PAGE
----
Vaccinating dogs protects African wildlife

Photo taken by Jack Traeger  on an Ujuzi safari to Tanzania.
Photo taken by Jack Traeger on an Ujuzi safari to Tanzania.

When people think about threats to African wildlife, they often think of poaching. But it’s not the only cause of dwindling animal populations. Disease is also a big concern. For example, rabies can spread from domestic animals to lions and other wildlife, decimating their populations.

Since 2003, scientists have been offering free rabies vaccines for domestic dogs around Tanzania’s Serengeti, resulting in a dramatic drop of rabies cases among the park’s lions and also saving many human lives. Before the program began, 50 to 150 people in the area died of rabies each year.

“It’s very, very effective,” Joseph Ogwa, acting district livestock official for the Bunda District, told the Chicago Tribune. “We don’t have cases now. I remember 10 years ago it wasn’t good because there were so many cases of rabies.”

Chicago’s Lincoln Park Zoo has been in charge of the vaccination program for the past five years and is looking for additional funding to continue it. It costs about $110,000 a year to run the program. You can donate here on the Lincoln Park Zoo website.

An article in The Verge illustrates the importance of vaccination programs in protecting wildlife. It shows how – before vaccination programs were in place for domestic dogs – canine distemper spread to Serengeti’s lions, then mutated to become endemic among the predators.

Featured Guide: Stephan Kilevo, Tanzania

stephan kilevoStephan “Stephano” Kilevo was born in Arusha, Tanzania, in 1960. He is from the indigenous Wa-Arusha ethnic and linguistic group. After completing his primary and secondary education, Stephan underwent training as a park ranger under the Ngorongoro Conservation Authority, where he was responsible for enforcing regulations, patrolling for poachers, emergency response, firefighting, and guided walks and other informational services for visitors. His passion for wildlife and the environment led to him becoming a professional safari guide in 1994.

Stephan is fluent in English, Swahili and Maasai. His hobbies include listening to music, and playing and watching soccer and volleyball. He is married and has four sons and one daughter.

Can bioengineered rhino horns save the species?

rhino in Ngorongoro Conservation Area
A black rhinoceros browses in the Ngorongoro Conservation Area. Photo taken on an Ujuzi safari to Tanzania.

 

A San Francisco biochemist thinks he might have the solution to the rhino poaching problem: make rhino horns out of stem cells.

M.R. O’Connor reported in The Atlantic that the cells would be grown into horn shapes in the laboratory, then sold for use in traditional Chinese medicine, which is driving the current black market for rhinoceros horns. The horns would be biologically identical to real rhino horns, but wouldn’t involve injury or death.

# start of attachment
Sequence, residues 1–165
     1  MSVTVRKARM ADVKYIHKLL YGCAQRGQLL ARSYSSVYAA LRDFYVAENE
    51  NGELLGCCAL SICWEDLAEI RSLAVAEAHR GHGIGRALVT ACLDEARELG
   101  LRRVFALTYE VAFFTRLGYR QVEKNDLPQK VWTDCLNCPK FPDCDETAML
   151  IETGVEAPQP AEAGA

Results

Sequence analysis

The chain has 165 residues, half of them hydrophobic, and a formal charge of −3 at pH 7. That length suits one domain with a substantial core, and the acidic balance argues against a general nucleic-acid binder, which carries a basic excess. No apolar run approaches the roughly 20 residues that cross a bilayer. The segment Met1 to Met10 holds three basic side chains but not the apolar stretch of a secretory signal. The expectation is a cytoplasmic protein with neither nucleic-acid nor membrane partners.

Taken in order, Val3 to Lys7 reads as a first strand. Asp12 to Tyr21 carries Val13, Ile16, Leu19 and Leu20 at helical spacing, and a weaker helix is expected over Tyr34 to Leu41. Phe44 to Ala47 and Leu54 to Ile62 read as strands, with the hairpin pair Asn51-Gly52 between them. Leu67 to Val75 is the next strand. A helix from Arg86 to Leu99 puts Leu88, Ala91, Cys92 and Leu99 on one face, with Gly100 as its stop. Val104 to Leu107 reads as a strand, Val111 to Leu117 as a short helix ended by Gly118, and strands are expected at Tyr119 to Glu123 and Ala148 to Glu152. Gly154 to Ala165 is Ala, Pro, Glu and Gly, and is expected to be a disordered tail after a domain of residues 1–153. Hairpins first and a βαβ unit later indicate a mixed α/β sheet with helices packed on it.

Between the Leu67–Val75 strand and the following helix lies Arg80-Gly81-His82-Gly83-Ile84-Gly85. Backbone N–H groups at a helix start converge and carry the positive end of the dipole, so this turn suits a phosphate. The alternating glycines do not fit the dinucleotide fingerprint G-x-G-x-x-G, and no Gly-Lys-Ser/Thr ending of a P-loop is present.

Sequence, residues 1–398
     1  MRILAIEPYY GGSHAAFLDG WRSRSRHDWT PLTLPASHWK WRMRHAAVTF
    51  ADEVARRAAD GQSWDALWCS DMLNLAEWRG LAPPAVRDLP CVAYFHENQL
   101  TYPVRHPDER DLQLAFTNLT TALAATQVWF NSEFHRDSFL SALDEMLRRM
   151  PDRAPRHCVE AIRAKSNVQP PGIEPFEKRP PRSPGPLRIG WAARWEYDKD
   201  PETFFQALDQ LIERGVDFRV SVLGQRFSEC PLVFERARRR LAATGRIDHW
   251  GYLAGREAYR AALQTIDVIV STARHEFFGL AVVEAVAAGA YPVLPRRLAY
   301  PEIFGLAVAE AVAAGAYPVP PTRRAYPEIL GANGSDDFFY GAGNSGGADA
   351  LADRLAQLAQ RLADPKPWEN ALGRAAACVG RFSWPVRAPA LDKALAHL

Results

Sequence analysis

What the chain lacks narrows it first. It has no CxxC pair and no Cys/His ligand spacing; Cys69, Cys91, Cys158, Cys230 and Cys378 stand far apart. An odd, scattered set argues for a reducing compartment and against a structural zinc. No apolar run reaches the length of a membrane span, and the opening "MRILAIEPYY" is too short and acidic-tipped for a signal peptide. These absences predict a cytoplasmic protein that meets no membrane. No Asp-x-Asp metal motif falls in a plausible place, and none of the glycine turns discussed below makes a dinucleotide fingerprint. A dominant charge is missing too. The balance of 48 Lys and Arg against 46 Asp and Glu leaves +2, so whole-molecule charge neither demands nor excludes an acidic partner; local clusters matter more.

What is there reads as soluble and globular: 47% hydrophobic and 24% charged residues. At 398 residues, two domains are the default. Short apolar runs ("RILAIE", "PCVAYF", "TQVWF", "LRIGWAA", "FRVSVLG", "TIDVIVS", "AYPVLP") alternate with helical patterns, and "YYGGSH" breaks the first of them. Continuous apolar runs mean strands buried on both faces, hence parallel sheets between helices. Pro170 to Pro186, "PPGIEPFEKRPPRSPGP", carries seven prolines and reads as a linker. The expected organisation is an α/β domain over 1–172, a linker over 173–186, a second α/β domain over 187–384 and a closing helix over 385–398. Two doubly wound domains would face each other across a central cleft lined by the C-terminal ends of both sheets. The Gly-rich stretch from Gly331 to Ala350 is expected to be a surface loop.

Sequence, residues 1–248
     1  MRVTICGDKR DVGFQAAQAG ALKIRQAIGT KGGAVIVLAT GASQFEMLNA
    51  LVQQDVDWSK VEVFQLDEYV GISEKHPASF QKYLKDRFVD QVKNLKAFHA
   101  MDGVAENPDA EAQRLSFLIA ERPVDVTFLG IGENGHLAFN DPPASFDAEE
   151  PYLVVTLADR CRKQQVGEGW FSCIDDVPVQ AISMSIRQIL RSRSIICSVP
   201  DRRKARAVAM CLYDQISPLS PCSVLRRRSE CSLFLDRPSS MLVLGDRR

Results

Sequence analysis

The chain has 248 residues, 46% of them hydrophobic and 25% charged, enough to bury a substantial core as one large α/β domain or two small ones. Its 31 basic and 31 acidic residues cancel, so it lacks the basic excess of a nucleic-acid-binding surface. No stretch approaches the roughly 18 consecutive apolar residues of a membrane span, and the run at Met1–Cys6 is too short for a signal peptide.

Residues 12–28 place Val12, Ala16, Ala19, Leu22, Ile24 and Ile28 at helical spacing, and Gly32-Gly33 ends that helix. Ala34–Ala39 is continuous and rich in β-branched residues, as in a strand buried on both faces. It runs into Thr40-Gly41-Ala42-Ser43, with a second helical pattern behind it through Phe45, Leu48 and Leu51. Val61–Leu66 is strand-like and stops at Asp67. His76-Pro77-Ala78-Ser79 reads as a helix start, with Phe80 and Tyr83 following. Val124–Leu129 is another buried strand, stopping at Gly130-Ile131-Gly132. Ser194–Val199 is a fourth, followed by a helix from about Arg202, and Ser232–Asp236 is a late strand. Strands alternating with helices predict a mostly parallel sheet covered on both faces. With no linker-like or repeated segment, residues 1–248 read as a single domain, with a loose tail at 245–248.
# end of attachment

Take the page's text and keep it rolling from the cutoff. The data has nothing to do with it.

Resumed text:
Despite efforts to educate people about the plight of rhinos and the fact that rhino horn has no real medicinal value, demand for the horns remains high. It takes time to change minds – and time is something that rhinos don’t have. With only five remaining northern white rhinos, that subspecies is almost extinct. Conservationists estimate that southern white rhinos could be extinct in 23 years if current poaching trends continue.

Ceratotech, the company that filed a patent for the horn-growing process, hopes that flooding the market with biosynthetic horns will reduce the demand for horns from slaughtered rhinos. But there’s the risk that they could make it easier for poachers to sneak unethically sourced horns onto the market without getting caught.

Photo Friday: Red-headed agama lizard, Serengeti, Tanzania

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A red-headed agama lizard, also known as a red-headed rock agama or rainbow agama, climbs an outside wall at the visitor’s center in Serengeti National Park. Photo taken by Kathryn Kingsbury on an Ujuzi safari to Tanzania.

 

Rwandan mountain gorilla makes a tool for catching food

Lisanga
Lisanga gets ready to catch ants with her new tool. Photo by the Gorilla Doctors.

For the first time, scientists have seen a mountain gorilla use a tool to get and eat food in the wild.

A clever young female named Lisanga watched a silverback from her group get stung by the ants he wanted to snack on when he reached into an ant hole. He ran off hungry. But Lisanga came up with a solution, grabbing a stick from the ground and placing it into the hole. When she lifted it out, ants covered the stick and she licked them off without getting stung. It was the first time a wild mountain gorilla has been observed using a tool.

Two veterinarians from the nonprofit group Gorilla Doctors reported the incident in the American Journal of Primatology. It took place in Virunga National Park, Rwanda, where Ujuzi often leads gorilla tracking excursions.

This new observation attests to something we’ve long known: mountain gorillas have amazing levels of intelligence and creativity, and are well worth the efforts to preserve and learn from them.

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